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to get either a low, medium, or high dose of the new drug, or a placebo. The treatment was given as an intravenous infusion twice a week, for four weeks. Patients were allowed to eat normally, and weren’t counseled to combine drug treatment with exercise—which is often done in other studies, and can muddy up the final results. People in this Zafgen-sponsored study had a body-mass index of 32 to 45.
Researchers saw the best results at the highest of the three doses—0.9 milligrams per square meter of body surface area. People taking the Zafgen drug lost about 3.1 percentage points more of their body weight than those on a placebo after the first month, researchers said. Interestingly, scientists also saw progress on other important secondary measurements in the study. Hunger declined. So did the amount of triglyceride fats in the blood, along with so-called “bad” LDL cholesterol.
Sharp-eyed watchers of the obesity drug field might wonder what the big deal is about 3.1 percentage points of extra weight loss over placebo. The FDA, after all, has said it wants to see obesity drugs deliver an average of 5 percentage points of improved weight loss over placebo. But the FDA’s threshold is something developers need to reach after a full year of study. When Vivus and Orexigen’s drugs were compared with placebos after just their first month of study, Hughes says, they typically only offered a little more than 1 percentage point of weight loss advantage over placebo. So if Zafgen’s drug can continue at its current pace of weekly weight loss, it could help patients drop 20 to 40 percent of their weight in a six to nine month course of therapy, Hughes says.
That, of course, will need to be proven in further studies. Zafgen is already working on plans for a bigger, mid-stage clinical trial to confirm the weight loss results, Hughes says. The company has also reformulated its product into a more convenient form, an injection that can deliver the drug just under the skin, instead of via an IV infusion.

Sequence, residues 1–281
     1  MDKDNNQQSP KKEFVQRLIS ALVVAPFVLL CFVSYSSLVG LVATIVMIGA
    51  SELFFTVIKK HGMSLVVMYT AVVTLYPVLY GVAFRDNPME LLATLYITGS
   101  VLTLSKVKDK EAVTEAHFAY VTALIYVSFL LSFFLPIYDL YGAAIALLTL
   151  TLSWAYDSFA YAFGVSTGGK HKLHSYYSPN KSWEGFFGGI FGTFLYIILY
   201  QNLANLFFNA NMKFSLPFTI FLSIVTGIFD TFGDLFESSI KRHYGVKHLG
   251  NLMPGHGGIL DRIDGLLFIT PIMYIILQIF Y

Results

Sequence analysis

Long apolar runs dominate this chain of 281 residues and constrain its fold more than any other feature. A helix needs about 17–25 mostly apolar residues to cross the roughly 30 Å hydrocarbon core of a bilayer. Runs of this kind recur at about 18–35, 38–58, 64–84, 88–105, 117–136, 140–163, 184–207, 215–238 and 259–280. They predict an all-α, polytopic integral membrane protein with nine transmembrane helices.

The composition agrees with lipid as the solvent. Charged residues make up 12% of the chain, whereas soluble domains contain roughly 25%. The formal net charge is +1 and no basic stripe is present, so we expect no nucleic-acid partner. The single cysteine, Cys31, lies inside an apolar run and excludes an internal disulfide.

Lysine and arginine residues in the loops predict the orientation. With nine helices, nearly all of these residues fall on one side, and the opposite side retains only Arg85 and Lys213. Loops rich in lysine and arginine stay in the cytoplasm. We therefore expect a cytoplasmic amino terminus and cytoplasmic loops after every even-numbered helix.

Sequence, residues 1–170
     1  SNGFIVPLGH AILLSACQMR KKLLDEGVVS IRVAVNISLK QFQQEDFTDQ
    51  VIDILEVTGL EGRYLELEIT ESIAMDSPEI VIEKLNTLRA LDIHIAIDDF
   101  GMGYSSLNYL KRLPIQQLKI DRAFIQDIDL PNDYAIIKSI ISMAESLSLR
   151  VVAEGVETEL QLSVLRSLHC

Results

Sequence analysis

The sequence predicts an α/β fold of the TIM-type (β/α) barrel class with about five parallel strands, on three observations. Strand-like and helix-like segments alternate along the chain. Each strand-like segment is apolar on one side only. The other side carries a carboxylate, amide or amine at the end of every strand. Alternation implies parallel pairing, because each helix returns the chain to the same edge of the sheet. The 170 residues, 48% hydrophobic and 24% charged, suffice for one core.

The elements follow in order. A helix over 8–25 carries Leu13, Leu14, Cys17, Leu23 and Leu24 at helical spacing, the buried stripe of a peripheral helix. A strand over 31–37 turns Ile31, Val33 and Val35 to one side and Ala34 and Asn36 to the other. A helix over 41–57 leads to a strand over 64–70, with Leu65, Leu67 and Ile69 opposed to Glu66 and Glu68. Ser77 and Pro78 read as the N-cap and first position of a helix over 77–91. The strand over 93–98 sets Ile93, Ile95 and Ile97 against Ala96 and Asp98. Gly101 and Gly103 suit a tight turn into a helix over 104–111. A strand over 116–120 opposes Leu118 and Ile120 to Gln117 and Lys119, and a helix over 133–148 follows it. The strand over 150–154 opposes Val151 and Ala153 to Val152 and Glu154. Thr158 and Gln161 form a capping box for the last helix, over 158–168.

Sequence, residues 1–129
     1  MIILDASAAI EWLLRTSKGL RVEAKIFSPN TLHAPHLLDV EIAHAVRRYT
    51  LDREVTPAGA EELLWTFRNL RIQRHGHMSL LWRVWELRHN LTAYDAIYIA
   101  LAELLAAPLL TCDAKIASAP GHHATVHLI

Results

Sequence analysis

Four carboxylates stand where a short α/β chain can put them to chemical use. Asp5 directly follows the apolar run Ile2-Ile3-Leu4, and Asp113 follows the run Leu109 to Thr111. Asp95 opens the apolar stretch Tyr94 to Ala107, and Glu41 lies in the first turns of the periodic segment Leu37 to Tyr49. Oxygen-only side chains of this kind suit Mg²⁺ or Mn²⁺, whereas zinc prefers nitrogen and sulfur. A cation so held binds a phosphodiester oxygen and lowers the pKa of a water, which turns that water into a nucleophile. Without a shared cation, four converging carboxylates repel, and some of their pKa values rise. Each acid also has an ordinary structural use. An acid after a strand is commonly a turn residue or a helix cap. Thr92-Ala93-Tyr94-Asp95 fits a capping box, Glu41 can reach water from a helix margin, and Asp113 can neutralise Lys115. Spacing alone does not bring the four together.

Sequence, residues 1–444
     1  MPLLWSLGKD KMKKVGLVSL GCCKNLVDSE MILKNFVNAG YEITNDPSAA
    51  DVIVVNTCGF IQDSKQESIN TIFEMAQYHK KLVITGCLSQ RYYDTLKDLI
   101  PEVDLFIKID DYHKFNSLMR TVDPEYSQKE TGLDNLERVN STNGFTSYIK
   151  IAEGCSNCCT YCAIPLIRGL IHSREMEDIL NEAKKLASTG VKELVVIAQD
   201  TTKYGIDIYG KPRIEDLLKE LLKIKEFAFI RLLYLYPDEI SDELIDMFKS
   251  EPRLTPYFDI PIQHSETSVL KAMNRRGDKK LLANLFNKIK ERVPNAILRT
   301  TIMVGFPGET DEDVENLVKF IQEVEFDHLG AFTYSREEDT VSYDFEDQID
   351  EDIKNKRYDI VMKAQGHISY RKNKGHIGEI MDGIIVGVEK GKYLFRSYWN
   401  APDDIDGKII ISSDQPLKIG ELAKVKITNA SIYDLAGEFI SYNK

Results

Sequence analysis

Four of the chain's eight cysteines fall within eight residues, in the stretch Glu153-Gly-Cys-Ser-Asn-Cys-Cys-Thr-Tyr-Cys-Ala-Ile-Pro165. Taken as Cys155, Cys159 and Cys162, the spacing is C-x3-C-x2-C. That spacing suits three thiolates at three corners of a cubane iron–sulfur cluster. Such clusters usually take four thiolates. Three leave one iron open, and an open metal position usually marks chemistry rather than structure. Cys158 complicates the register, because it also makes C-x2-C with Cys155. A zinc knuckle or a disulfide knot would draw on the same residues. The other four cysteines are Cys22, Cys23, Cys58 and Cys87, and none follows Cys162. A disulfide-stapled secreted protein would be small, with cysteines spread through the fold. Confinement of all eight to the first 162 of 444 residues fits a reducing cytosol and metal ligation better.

Zafgen envisions testing its drug in patients with the most severe forms of obesity—people with body mass indexes of 35 and above—and it’s likely to be the kind of thing taken under a doctor’s close supervision, Hughes says. Animal studies suggest the drug ought to work as well in men as it does in women, but Zafgen’s first study only enrolled women because they represent two-thirds of all severely obese people, and about 80 to 90 percent of that group that actually seeks medical treatment, Hughes says.
The company has enough cash to keep operating through this year, and to get its important Phase 2 clinical trial started, Hughes says. Zafgen is considering whether to develop the drug more on its own, or to seek help from a partner.
There’s no doubt this will give Hughes something of substance to talk about next week at the mother of all biotech partnering meetings—the JP Morgan Healthcare Conference in San Francisco. Hughes, not surprisingly, was keeping all his options open when asked about the future business strategy around this compound.
“Within a few months, we’ll know best path forward for the program,” he says.
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